Client: Oh, right. But like, what’s your real job?

Source: Clients from Hell


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Source: Clients from Hell


Early on in my career I volunteered for a community bike program and I happily agreed to make a poster for them. They wanted it at full poster size to put up around the city. I told them that I can design it but they will have to bring it to a print shop to get it printed.

A week later I’d created the poster and thought it looked great. The whole process had been very smooth – or so I thought.

Me: Here is the final print ready file, you just need to bring it to a print shop to get printed. I recommend “print shop name”, I’ve worked with them in the past and they are great but there are many great print shops in the city. 

Client: What do you mean bring it somewhere to print it? Aren’t you the print shop?

Me: Um … no. I’m a graphic designer, I designed the poster but I don’t have equipment to print out at full poster size.

Client: Oh, will the printing of the posters be free as well?

Me: No, unless you have some kind of arrangement with a print shop, you will have to pay them.

Client: Well that’s not what we agreed to, you said the poster would be free!

Me: No… I said I would volunteer my time to help out with a cause I believe in and design the poster. I told you that you would have to bring it to a print shop. 

Client: Well forget it then. 

In the end, my beautiful posters where never printed because they didn’t realize you have to pay for services. 

Source: Clients from Hell


Client: I want this product to have a quality assurance badge.

Me: Do you have approval from a quality control agency?

Client: No. We want you to make a fictional one.

Me: Okay… do you have an idea of what you want it to look like?

They send me their existing website. There is already a made-up “SEAL OF QUALITY” on their products.

Client: Basically I just want you to change the color on what we already have.

Me: Look, I’m not totally sure this is legal.


Source: Clients from Hell


Client: Could you remove the background from this PDF?

The PDF was of a PowerPoint slide with nothing on it but a title bar and a pie chart. As far as I could tell there was no background.

Me: I’m sorry, I’m not sure what you mean. What background do you need to be removed?

Client: Here, let me show you.

He opened his computer and showed me the PowerPoint file. He kept waving his mouse around the screen.

Client: This stuff. I want you to remove all this.

It took me a while to realize that his mouse was passing over the top and sides of the screen more often than the middle. “All this” was the toolbar and preview tray. He thought it was included in the PDF, which he hadn’t even checked.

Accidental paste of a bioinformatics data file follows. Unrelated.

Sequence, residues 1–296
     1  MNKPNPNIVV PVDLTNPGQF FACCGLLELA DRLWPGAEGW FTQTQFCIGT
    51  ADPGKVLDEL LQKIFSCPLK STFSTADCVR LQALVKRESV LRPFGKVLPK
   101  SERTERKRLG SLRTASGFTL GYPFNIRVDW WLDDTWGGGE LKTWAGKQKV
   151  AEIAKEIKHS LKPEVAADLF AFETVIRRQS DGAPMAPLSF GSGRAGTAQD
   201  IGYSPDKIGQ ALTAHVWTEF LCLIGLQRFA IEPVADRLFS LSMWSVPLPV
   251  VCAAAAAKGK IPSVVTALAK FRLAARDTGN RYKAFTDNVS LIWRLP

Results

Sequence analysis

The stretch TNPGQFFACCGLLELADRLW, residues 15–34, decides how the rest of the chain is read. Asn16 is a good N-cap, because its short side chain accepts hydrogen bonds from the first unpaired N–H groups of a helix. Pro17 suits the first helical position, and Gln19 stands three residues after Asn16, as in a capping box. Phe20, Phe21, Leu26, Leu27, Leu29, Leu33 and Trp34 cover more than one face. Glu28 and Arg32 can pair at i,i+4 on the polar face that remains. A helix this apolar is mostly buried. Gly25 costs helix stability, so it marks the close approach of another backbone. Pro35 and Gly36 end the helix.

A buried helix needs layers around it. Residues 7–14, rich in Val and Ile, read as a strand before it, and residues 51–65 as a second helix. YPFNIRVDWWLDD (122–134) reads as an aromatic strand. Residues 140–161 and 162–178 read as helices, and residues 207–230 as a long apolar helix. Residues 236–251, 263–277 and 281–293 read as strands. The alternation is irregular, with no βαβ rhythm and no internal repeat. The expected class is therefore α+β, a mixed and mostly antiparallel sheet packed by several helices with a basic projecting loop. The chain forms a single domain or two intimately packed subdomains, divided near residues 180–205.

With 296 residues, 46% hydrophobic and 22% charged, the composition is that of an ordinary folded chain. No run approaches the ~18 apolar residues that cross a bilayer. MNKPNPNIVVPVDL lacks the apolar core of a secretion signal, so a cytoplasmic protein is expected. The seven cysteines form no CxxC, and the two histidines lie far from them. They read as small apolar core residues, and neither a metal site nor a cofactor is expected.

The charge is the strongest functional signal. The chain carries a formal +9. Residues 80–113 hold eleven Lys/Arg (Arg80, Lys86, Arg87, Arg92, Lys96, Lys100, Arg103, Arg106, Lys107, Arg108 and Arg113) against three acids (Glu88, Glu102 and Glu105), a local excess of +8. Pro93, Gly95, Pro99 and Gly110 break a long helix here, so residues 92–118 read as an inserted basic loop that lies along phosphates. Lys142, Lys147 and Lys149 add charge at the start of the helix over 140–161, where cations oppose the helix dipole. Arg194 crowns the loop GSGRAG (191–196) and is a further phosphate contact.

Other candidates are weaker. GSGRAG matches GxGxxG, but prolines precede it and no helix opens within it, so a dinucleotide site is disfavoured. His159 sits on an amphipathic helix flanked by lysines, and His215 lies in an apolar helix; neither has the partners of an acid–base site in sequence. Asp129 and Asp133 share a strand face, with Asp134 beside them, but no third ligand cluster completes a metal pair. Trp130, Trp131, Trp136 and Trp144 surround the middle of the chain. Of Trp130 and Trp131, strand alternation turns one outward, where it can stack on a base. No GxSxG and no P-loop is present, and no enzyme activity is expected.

This client is in sales, and is the forward face of his company.

Source: Clients from Hell


Client: What’s this gibberish?

Me: It’s Lorem Ipsum

Typically this is the end of this conversation, but this client had HEARD of Lorem Ipsum and knew that they’d just embarrassed themselves. So they tried to recover.

Client: It doesn’t look like Lorem Ipsum to me. It looks like Russian or Bulgarian or something. 

Me: It looks like Lorem Ipsum to me. Mostly because it starts with “Lorem Ipsum” and isn’t written in Cyrillic. But what do I know. 

Source: Clients from Hell


I was hired to edit some videos promoting tourism in a city. I was supposed to edit a number of clips into shorts about the different neighborhoods. There was a problem, however:

Me: Hey – these clips aren’t labelled by neighborhood. I don’t live in this city, and I’m really not familiar with it. Would you mind organizing them so that I can put them together correctly?

Client: I don’t have time for that, sorry. How about you just make the videos shorter?

Me: …That doesn’t really solve the problem, though.

Client: I really don’t have time to deal with this. Figure something out.

Their inability to spend 5 minutes meant I couldn’t do the job at all.

Source: Clients from Hell


Me: I accept payment in euros.

Client: But I live in America. I only have dollars!

Me: That’s okay. The bank will convert dollars to euros no problem.

Client: Are you sure I can just send you dollars? Don’t you live in Europe? You won’t be able to use them.

Me: ….

Client: ….

Me: Tell you what. I’m heading to New York later this year. Pay me in dollars and I’ll spend them then.

Client: Oh, phew! I’m glad that’ll work out.

Sometimes it’s easier to lie than explain the truth. 

Source: Clients from Hell


Client: We’re not going to hire you.

Me: That’s too bad. May I ask why not so I can work to improve in the future?

Client: You do design work in Photoshop. Photoshop is for photos, not designs. I just think that’s a sign of un-professionalism

Me:  All my portfolio pieces —  the posters, logos, menus, web images, comics, magazines, everything —   were all made in Photoshop.

Client: I find that hard to believe.

I’d be mad, but I think I dodged a bullet with this one. 

Source: Clients from Hell


Getting your client to live up to their side of your business relationship can be difficult and it’s almost always necessary. But how do you do it? Whether it’s the client delivering promised files, paying your rate, or them simply keeping their word, there’s rarely an easy fix. 

James Rose of Content Snare has at least one solution – and a lot of quality advice. If you enjoyed what James had to say, he invites you to check out the Content Snare Facebook Group!

Content Snare

Content Snare’s Facebook Group

James Rose on Twitter:

Download here!

Source: Clients from Hell


A client asked me to make an eCommerce site along the lines of Alibaba.

Me: I can do that, but it’s a pretty large project. What’s your budget?

Client: 15k.

Me: Great. I’ll draft up a contract and start working right away.

Sounds good, right? Except the client actually meant 15k Indian rupees. Which totals about 225 USD.

Source: Clients from Hell